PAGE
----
If you’ll backtrack to the NFL Census published previously on the Best Tickets blog, you’ll see that Louisiana is tops in player production efficiency for both the NFL and the NBA. This is really quite remarkable. Can we give this state an award or something for this? Indiana, home of the Hoosiers, comes in a surprisingly distant second, followed closely by Arkansas. The least productive states to have produced more than one current NBA player are Oklahoma (.08 per million), Arizona (.31 per million) and Virginia (.37 per million).

The cities that have produced the most players are shown below.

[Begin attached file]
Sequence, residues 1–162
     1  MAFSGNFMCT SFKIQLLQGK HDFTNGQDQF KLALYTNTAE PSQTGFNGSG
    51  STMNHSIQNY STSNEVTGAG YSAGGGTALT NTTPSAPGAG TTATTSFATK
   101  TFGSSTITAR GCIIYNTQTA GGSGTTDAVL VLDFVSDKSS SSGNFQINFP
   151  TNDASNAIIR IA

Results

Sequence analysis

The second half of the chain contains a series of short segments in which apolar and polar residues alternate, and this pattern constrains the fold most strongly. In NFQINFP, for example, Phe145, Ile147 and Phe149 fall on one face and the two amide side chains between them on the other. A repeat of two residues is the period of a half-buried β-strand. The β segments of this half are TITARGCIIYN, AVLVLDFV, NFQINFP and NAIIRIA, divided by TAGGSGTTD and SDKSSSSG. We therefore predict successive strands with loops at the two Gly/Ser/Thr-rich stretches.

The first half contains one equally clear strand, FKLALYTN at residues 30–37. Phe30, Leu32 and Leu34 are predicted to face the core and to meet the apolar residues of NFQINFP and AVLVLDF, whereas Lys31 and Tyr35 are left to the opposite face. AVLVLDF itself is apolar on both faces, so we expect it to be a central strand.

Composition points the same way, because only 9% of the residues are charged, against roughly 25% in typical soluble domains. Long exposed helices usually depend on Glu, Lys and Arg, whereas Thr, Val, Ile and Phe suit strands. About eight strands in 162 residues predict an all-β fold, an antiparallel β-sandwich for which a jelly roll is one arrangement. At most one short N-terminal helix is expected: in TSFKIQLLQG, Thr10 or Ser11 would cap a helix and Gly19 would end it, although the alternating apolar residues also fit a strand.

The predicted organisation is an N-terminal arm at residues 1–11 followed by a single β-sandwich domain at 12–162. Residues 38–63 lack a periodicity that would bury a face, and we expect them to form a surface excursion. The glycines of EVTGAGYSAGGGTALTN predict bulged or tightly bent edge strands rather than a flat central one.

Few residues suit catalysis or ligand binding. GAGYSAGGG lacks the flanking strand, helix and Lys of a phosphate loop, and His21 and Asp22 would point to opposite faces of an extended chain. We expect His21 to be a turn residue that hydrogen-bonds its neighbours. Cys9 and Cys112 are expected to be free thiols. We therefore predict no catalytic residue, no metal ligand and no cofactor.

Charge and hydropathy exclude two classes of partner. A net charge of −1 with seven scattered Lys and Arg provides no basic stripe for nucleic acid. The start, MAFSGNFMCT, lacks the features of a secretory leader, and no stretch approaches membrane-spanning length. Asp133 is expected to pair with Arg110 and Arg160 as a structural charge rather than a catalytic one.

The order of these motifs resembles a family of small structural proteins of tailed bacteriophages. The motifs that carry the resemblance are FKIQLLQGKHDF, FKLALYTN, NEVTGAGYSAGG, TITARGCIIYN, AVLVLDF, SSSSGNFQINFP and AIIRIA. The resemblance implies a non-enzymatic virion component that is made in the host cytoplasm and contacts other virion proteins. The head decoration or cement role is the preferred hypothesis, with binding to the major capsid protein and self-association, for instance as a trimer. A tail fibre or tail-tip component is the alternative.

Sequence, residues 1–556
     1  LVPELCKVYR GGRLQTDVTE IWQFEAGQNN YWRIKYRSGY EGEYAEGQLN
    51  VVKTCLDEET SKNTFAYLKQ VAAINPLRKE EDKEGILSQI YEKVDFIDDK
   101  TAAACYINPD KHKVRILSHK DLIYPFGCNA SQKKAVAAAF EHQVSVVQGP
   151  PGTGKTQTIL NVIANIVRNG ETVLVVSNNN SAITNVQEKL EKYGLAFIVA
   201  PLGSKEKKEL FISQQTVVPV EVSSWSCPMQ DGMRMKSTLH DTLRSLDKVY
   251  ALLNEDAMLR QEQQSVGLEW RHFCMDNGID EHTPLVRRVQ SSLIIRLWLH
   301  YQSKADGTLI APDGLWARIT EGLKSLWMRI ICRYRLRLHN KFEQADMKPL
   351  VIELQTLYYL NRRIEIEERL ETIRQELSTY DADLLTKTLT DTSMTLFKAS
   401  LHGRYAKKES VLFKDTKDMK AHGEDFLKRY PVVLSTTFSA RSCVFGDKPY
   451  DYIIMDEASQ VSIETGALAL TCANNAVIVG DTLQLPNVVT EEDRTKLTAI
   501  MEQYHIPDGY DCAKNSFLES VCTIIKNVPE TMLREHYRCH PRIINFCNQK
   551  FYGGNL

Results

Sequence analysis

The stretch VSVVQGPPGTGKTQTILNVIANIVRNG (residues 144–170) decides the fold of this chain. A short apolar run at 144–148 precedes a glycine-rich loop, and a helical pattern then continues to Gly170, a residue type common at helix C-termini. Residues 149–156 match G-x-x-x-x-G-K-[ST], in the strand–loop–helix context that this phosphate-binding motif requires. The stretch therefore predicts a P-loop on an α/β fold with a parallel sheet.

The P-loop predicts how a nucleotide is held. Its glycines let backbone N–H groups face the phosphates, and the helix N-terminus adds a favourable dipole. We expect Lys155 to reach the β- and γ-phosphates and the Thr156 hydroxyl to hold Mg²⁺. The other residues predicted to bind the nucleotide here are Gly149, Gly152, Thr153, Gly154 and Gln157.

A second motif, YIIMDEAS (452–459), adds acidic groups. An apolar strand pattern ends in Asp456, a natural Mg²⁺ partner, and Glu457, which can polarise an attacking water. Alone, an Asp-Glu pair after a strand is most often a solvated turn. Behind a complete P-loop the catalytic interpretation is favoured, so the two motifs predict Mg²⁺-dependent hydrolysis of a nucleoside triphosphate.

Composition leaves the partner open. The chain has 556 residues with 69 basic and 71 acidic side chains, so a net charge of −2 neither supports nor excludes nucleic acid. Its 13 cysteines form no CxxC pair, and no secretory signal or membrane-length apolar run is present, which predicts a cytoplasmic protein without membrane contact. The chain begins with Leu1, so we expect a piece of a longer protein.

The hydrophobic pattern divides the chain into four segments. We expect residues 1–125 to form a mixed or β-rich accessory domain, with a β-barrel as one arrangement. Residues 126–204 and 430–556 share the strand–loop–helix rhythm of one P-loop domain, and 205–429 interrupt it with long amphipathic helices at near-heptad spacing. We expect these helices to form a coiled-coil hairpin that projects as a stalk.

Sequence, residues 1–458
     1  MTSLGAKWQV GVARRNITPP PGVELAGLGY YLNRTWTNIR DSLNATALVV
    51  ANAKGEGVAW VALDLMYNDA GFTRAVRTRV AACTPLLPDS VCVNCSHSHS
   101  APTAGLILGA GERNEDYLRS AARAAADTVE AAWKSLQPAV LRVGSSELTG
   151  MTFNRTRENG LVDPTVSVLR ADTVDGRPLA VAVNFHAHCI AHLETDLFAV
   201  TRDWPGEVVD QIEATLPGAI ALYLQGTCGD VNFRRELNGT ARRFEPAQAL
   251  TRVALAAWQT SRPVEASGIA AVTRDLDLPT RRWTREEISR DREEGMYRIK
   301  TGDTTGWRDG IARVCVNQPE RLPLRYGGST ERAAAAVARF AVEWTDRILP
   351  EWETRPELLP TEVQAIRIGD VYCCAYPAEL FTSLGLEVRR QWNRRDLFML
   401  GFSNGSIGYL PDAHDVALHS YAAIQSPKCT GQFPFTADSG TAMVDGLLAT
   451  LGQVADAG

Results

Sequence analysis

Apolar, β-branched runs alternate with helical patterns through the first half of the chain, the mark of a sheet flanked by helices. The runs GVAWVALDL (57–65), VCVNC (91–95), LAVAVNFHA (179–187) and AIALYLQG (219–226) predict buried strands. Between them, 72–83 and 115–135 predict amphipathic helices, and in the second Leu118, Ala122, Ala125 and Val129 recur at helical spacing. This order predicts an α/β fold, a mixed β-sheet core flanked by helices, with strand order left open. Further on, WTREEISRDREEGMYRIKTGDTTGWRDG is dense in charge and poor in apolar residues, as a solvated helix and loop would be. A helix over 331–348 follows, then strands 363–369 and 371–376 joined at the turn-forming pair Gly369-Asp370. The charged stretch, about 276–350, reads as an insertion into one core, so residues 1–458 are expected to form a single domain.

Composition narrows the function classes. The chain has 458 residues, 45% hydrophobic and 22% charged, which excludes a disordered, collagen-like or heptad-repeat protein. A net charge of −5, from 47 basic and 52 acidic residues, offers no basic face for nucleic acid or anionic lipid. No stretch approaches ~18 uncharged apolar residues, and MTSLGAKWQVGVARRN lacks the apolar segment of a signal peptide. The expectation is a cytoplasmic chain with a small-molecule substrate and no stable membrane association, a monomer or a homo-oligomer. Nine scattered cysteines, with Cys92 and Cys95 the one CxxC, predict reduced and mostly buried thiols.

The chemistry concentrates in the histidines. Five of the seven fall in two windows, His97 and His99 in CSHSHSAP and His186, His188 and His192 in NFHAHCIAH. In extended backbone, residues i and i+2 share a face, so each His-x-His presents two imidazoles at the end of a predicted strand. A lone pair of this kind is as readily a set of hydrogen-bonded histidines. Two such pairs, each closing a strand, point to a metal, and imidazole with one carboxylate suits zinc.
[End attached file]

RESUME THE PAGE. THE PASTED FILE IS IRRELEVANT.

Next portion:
Player Producing cities

California’s largest metropolis, Los Angeles, heads up this list and is followed closely by New York City, a notoriously basketball-crazy city. The most efficient cities, however may not be as familiar.

Cities per 100,000

Saginaw, Michigan wins this one by a long shot. Second-place Baton Rouge produces at less than half the rate of Saginaw. The current players out of Saginaw are Kenyon Martin of the Knicks, Draymond Green of the Warriors and Jason Richardson of the 76ers.

Race in the NBA

There is a caveat to this section, and its name is Jeremy Lin. As the only individual currently in the league with Asian ethnicity, it was very difficult to portray him on the graph below, which displays the race distribution of the NBA.

Race Distribution